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Colorado Fuel and Iron: Wikis


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The Colorado Fuel and Iron Company (CF&I) was a large steel concern. By 1903, it was largely owned and controlled by John D. Rockefeller and Jay Gould's financial heirs.[1] While it came to control many plants throughout the country, its main plant was a steel mill on the south side of Pueblo, Colorado and was the city's main industry for most of its history. From 1901 to 1912, Colorado Fuel and Iron was one of the Dow Jones Industrials. The steel-market crash of 1982 lead to the decline of the company. After going through several bankruptcies, the company was acquired by Oregon Steel Mills and recently changed its name to Rocky Mountain Steel Mills. In January 2007, along with the rest of Oregon Steel's holdings, was acquired by Evraz Group SA, a Russian steel corporation, for $2.3 billion.

Main Office

Several of the administration buildings, including the main office building, dispensary, and tunnel gatehouse have been purchased by the Bessemer Historical Society to house their Steelworks Museum of Industry and Culture and the CF&I Archives.

Out of the many production and fabrication mills which once existed on the site, only the steel production (electric furnaces, used for scrap recycling), rail, rod & bar, and seamless tube mills are still in operation. The wire mill was sold in the late 1990s to Davis Wire, which still runs it and produces products such as fence and nails under the CF&I brand name. In the fall of 2006, expansion plans for the rail mill were announced. Once completed, the mill will be able to produce rail lengths of up to 480 feet (up from the current 80 feet), lengths currently possible only in a few European plants.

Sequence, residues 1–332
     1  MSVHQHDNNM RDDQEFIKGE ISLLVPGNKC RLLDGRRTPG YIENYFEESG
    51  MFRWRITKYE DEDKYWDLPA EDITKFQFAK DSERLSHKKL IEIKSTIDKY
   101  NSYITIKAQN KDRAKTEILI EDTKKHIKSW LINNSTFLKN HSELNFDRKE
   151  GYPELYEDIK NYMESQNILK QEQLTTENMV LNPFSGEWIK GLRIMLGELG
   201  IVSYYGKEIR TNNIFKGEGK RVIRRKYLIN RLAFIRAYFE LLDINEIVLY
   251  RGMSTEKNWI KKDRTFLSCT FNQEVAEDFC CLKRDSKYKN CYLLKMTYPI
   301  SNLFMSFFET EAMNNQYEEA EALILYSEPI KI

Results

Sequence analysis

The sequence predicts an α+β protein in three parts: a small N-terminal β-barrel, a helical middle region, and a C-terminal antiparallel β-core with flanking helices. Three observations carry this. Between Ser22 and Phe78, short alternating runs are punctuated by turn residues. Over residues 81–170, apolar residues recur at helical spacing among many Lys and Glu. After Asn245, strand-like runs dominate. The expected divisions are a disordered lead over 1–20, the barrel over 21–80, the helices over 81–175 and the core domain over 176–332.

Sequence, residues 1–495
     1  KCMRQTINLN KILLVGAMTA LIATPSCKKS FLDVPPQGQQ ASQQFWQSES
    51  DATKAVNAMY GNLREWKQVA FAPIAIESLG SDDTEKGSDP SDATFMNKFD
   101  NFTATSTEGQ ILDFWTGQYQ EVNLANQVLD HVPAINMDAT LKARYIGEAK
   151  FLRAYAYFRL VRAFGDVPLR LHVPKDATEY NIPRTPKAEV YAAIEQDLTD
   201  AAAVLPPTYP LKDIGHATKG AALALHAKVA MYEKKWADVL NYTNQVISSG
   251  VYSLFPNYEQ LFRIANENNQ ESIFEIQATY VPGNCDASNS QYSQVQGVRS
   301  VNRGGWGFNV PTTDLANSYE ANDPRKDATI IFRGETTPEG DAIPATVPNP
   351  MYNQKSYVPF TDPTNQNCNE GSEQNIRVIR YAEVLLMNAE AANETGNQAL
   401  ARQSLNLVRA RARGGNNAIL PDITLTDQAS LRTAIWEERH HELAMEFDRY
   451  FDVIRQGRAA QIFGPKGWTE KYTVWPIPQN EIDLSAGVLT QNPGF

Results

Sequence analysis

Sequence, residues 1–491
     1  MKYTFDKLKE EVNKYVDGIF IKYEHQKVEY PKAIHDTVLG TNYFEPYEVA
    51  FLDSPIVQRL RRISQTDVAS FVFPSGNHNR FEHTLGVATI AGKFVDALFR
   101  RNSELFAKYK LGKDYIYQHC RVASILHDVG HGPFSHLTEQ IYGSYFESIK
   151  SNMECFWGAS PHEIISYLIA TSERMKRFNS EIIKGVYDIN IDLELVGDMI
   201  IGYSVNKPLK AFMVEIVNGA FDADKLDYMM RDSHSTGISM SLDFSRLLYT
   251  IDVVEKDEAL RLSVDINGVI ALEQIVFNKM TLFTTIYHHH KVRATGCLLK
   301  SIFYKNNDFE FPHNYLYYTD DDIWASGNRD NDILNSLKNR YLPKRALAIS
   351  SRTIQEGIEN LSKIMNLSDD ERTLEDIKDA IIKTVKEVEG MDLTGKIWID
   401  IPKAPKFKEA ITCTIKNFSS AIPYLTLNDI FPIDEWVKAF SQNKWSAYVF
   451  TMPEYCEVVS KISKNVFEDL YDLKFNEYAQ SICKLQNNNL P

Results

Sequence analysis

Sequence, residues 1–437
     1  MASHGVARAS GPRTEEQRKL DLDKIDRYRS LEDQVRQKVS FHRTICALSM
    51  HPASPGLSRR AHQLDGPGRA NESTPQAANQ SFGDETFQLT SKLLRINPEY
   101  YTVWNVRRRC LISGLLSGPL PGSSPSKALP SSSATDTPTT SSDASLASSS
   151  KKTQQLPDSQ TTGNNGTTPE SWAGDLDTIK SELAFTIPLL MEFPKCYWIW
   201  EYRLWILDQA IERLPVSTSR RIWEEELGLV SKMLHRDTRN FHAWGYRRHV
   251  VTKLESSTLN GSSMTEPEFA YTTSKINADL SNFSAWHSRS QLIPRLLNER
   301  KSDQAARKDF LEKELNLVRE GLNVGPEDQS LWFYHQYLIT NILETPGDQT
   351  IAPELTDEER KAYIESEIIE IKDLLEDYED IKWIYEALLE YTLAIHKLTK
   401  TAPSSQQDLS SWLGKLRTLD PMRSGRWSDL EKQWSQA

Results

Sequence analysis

The facility operated a number of blast furnaces until 1982, when the bottom fell out of the steel market. The main blast furnace structures were torn down in 1989, but due to asbestos content, many of the adjacent stoves and support buildings still remain. The stoves and foundations for some of the furnaces can be easily seen from Interstate 25, which runs parallel to the plant's west boundary. In addition to the blast furnace/open hearth steelmaking process, CF&I also used the basic oxygen furnace (BOF) process for a number of years. This process was later replaced by electric arc furnaces (EAF). Currently, two EAFs are used at the facility to convert scrap to steel billets of various sizes. The billets are then distributed to the three steel finishing facilities (rail mill, rod & bar mill, seamless tube mill) for processing into the various finished products.



Railroad magnate William Jackson Palmer's Colorado Coal and Iron Company created the Bessemer steel plant in the 1880s.[2] John C. Osgood founded Colorado Fuel Company in 1883.[3] These two companies merged in 1892 to form Colorado Fuel and Iron.

Other Holdings

Through the process of vertical integration, the company came to own more than just the main steel plant. Over the course of a century, CF&I operated coal mines throughout southern Colorado, as well as iron mines in Wyoming and Utah, limestone quarries, smaller mines for other materials going into the steel making process, and the Colorado and Wyoming Railway. The Colorado Supply company store was also owned and operated by CF&I. They also came to control many furnaces throughout the country including E.G. Brooke in Birdsboro, PA.

Labor Incidents

Over the course of its history, the company has had numerous major labor disputes. CF&I was accused of brutality against the UMWA in a strike called by that organization in 1903-04. The best known strike culminated in the infamous Ludlow Massacre at one of its coal mines in 1914. Evidence from CF&I's archives reveals that the company infiltrated, propagandized against, and attempted to disrupt the Industrial Workers of the World, who had called a statewide coal strike, which resulted in another massacre of striking coal miners in 1927.

In 1997, the steelworkers union in Pueblo voted to strike over alleged unfair labor practices. The old CF&I facility, under new ownership, hired permanent replacement workers, leading to further tension between the new employer and the union.

See also

Steelworks Museum of Industry and Culture


  1. ^ Lehman Brothers Archives Online
  2. ^ William Wyckoff, Creating Colorado: the making of a western American landscape, 1860-1940, 1999, page 147.
  3. ^ James Whiteside, Regulating danger: the struggle for mine safety in the Rocky Mountain coal Industry, U of Nebraska Press, 1990, page 8.

External links

Coordinates: 38°13′44″N 104°36′25″W / 38.229°N 104.607°W / 38.229; -104.607



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